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Five new books on female artists that you should read now

Jacqueline Riding—The Art Newspaper's new Books commissioning editor—gives us her top tips, from important catalogues on artists like Paula Rego to a series of children's books for young art lovers

Jacqueline Riding

The Art Newspaper welcomes Jacqueline Riding as its new Books commissioning editor. Riding, who specialises in British history and art of the long 18th century, was formerly a curator at the Palace of Westminster and director of the Handel House museum in the early 2000s. She has published several books, including Basic Instincts: Love, Passion and Violence in the Art of Joseph Highmore (2017), Peterloo: the Story of the Manchester Massacre (2018) and, most recently, Hogarth: Life in Progress (2021). She was also an adviser on Mike Leigh’s feature films, Mr Turner (2014) and Peterloo (2018). Below, Riding has selected five of her favourite new books on women artists.

Artists: My First Artists (Little People, Big Dreams) (2021) by Maria Isabel Sanchez Vegara and Lisbeth Kaiser

Artists: My First Artists (Little People, Big Dreams) (2021) by Maria Isabel Sanchez Vegara and Lisbeth Kaiser

“As a child I read Ladybird books, with the Great Artists series (Leonardo, Michelangelo, etc.) a favourite. In the 1980s my mum collected the weekly Marshall Cavendish magazine of the same title, filling eight binders. Even as Rozsika Parker and Griselda Pollock’s groundbreaking Old Mistresses (1981) was transforming art history, few if any in the Great Artists series were women. Now, courtesy of these delightful books, three-year-olds are introduced to Louise Bourgeois, Frida Kahlo, Georgia O’Keeffe—and many more to come.”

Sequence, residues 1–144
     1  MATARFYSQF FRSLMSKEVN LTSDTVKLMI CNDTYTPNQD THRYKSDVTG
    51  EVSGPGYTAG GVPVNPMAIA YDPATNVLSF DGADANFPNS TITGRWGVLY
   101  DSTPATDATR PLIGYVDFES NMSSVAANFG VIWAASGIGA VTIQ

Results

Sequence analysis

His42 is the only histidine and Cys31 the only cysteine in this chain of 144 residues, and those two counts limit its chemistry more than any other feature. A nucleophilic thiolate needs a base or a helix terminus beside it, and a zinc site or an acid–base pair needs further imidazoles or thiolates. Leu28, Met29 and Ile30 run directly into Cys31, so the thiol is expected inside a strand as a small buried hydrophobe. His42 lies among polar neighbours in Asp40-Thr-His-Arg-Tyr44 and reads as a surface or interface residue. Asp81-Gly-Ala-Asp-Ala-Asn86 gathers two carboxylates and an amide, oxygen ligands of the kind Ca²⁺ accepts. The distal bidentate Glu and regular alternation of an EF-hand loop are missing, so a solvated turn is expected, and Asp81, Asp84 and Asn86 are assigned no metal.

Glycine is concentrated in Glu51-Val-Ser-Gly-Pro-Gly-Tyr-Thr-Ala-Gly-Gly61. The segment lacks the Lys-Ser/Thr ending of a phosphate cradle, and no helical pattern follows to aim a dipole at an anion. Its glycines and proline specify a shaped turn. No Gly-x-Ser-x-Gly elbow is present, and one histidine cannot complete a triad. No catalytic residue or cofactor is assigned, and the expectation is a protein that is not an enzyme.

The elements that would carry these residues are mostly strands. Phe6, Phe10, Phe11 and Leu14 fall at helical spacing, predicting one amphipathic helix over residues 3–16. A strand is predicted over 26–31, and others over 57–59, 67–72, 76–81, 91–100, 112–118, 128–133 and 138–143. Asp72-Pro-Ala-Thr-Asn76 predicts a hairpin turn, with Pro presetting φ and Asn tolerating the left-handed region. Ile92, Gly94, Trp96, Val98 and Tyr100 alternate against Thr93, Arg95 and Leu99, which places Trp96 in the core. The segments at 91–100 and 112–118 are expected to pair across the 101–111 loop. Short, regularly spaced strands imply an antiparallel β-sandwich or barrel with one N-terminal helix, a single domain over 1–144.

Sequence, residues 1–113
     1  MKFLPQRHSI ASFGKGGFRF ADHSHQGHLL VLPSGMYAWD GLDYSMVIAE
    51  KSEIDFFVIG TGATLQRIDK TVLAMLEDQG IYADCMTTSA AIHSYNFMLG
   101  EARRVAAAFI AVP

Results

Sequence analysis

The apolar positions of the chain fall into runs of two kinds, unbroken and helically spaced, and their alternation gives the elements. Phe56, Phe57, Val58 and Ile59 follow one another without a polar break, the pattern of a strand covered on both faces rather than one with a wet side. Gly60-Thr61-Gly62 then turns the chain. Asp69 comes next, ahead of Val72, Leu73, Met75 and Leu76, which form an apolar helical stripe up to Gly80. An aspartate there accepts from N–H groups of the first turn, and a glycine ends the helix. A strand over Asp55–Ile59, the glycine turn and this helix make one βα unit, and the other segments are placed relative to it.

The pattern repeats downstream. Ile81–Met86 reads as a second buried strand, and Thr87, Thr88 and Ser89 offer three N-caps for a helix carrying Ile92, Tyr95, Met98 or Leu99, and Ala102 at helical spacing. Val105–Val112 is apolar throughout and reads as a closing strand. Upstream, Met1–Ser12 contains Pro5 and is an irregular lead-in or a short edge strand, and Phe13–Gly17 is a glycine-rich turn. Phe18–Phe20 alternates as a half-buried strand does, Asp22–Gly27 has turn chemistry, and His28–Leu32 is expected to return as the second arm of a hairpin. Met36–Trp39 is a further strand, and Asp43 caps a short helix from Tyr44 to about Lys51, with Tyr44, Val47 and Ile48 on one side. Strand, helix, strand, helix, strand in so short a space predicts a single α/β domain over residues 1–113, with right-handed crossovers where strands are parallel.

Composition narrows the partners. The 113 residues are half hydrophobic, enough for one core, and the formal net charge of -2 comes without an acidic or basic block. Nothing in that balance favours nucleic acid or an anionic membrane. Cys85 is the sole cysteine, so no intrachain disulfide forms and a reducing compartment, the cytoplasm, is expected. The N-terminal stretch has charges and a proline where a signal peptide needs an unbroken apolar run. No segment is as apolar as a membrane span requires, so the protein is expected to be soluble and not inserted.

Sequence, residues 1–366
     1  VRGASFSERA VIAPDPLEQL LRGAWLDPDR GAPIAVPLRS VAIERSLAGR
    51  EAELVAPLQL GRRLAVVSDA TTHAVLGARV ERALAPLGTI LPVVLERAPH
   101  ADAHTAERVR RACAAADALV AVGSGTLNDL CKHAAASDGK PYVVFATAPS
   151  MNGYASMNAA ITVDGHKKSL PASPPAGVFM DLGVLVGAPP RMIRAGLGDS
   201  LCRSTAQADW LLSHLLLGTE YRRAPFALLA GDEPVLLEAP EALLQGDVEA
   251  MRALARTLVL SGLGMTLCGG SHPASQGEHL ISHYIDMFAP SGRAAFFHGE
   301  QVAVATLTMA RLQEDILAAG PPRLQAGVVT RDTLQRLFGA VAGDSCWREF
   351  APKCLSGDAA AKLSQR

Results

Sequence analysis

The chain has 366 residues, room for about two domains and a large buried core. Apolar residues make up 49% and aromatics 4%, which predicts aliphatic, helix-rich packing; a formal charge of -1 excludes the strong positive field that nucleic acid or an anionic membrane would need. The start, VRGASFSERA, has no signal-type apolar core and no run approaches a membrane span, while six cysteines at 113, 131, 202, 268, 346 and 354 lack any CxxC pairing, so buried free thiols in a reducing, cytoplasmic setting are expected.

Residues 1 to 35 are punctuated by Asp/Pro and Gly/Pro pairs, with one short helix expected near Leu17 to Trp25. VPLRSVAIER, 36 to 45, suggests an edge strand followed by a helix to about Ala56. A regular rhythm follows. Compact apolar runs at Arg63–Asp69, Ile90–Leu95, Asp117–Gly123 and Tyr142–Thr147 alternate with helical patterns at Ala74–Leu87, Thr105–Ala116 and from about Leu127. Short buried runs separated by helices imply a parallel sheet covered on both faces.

Artemisia (2020) by Letizia Treves, et al.

Artemisia (2020) by Letizia Treves, et al.

“This is a beautiful book accompanying a wonderful exhibition that closed in 2021. The reproductions of the three self-portraits as St Catherine are alone worth the purchase: in Artemisia Gentileschi’s own words, ‘I will show your illustrious lordship what a woman can do.’” 

Paula Rego (2021), edited by Elena Crippa

Paula Rego (2021), edited by Elena Crippa

“I was introduced to Paula Rego’s brilliance when I worked at the Tate in the early 1990s and my leaving gift from Handel House was a Peter Pan etching. If your budget won’t stretch to Thames & Hudson’s mighty survey from 2019, then try this catalogue of the superb exhibition on at Tate Britain (until 24 October).” 

Lubaina Himid (2021), edited by Michael Wellen

Lubaina Himid (2021), edited by Michael Wellen

“As a Hogarth scholar and biographer I am immediately drawn to contemporary artists’ responses to his character and art. Like Paula Rego, Lubaina Himid has found particular inspiration in his ‘modern moral subjects’. As she says, ‘his theatricality and storytelling tableaux fulfilled my desire for spectacle and drama.’” 

Käthe Kollwitz: a survey of her work 1867-1945 (2022), edited by Hannelore Fischer

Käthe Kollwitz: a survey of her work 1867-1945 (2022), edited by Hannelore Fischer

“After the revelatory first volume on Luisa Roldán kicked off the Getty’s new Illuminating Women Artists series, the director of the Käthe Kollwitz Museum in Cologne, Hannelore Fischer, has put together what promises to be an extensive overview of the life and work of this powerful artist.”